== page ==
March 17th, 2009
10:49 AM ET
6 years ago

Obama seeks nonpartisan input on 2010 budget

WASHINGTON (CNN) - President Barack Obama urged both Democratic and Republican members of Congress Tuesday to provide him with "constructive alternative solutions" if they disagree with any sections of his 2010 budget proposal.

Late last month, Obama unveiled a $3.55 trillion budget that he said would halve the federal deficit by the end of his first term.

Obama made his comments at a news conference in the Eisenhower Executive Office Building after meeting with Senate Budget Committee Chairman Kent Conrad, D-North Dakota, and House Budget Committee Chairman John Spratt Jr., D-South Carolina.

Obama made his comments at a news conference in the Eisenhower Executive Office Building after meeting with Senate Budget Committee Chairman Kent Conrad, D-North Dakota, and House Budget Committee Chairman John Spratt Jr., D-South Carolina.

"There's been a lot of discussion about this budget already, and I hope we engage in a healthy debate going forward," Obama said. "The challenges we face are not partisan. We're going to get some numbers with respect to the budget that may make this even tougher in the next couple of weeks."

Given the magnitude of the nation's problems, "we don't need more point scoring, we need more problem solving. So if there are members in Congress who object to specific policies and proposals in this budget, then I ask them to be ready and willing to propose constructive alternative solutions," Obama added.

"This budget doesn't attempt to solve every problem or address every issue," he said.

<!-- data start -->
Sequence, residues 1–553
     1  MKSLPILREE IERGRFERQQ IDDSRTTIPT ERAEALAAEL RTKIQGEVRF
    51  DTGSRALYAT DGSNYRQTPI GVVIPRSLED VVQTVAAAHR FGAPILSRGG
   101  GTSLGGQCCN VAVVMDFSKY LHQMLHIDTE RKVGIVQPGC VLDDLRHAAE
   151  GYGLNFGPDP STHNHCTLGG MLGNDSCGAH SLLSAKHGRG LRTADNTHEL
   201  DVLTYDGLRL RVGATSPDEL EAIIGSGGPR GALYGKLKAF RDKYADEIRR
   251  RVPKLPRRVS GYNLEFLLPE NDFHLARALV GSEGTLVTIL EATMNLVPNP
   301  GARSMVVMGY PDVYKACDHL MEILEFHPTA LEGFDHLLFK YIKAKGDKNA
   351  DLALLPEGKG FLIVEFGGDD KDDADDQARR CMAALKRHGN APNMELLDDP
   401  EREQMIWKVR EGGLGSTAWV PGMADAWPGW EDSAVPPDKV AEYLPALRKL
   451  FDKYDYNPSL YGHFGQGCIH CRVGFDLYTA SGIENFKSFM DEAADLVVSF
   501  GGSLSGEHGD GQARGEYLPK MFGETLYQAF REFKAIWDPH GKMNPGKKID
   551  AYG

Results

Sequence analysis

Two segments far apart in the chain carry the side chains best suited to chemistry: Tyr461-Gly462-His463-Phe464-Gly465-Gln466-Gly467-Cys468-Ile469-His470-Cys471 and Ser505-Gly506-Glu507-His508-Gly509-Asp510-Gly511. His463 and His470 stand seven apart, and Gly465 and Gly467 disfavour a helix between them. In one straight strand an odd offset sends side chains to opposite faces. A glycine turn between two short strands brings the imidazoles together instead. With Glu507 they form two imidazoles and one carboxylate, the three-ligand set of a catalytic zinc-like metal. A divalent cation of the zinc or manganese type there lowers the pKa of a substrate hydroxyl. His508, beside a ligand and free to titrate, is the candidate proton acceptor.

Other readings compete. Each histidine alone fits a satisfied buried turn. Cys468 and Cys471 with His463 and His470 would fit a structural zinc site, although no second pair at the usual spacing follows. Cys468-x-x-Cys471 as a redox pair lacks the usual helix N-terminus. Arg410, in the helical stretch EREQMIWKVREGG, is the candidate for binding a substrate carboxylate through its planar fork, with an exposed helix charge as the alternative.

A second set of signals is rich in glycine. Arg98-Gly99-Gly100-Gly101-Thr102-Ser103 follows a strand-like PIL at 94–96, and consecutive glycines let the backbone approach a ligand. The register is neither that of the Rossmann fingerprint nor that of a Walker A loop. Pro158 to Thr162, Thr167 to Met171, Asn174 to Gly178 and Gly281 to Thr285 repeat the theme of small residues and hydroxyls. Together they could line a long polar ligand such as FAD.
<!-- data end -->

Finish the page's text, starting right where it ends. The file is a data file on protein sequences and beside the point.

The 2010 fiscal year begins October 1. Although the banking crisis has been a major focus of the administration, Obama said there are other issues just as pressing, such as the high cost of health care and the need for non-oil energy sources.

Obama made no mention of the controversial $165 million in bonuses that American International Group Inc. (AIG) paid top executives and some other employees, following a $173 billion taxpayer bailout. The move has infuriated the White House and Congress, which are trying to find way to recoup the bonus
funds.


Filed under: President Obama • Uncategorized
soundoff (129 Responses)
  1. Kevin B

    Kevin in Ohio-

    Libertarian…. I don't know what you are referring to…. the outcries from the left against Bush started the day after Election Day in 2000 and never stopped. Give me one example of support the liberals EVER showed for President Bush.

    Heres an example: Dems voted for his use of force in Iraq, which was an utter and misguided misuse of american most precious resources and aided in the mess we now face in afghanistan, 6 years too late.

    The sooner we realize the "left and right" banter is only useful to those who wish keep you paralzed the sooner we will realize america's greatness once again.

    Drop the political dogma !!

    March 17, 2009 12:31 pm at 12:31 pm |
  2. mom of soldier

    Reading all the rants placed by the dems against the repubs just shows me that there can't be bipartisianship cause the dems want it their way too. Which by the way, they have had since they controlled the congress during the last administration. I am loosing respect for the people in this country especially since we are responsibile for our own fiscal responsibility and the decisions we make.

    March 17, 2009 12:44 pm at 12:44 pm |
  3. cnnnewser

    We elected President Obama – we did not elect John McCain.
    We the people voted for Obama and we will stand behind him.
    The republicans can go whine and cry and spew their negative hate, but, we stand behind president Obama 100%.

    March 17, 2009 12:45 pm at 12:45 pm |
  4. demwit

    Why can't republicans be as inclusive as democrats with their earmarks!!??

    March 17, 2009 01:01 pm at 1:01 pm |
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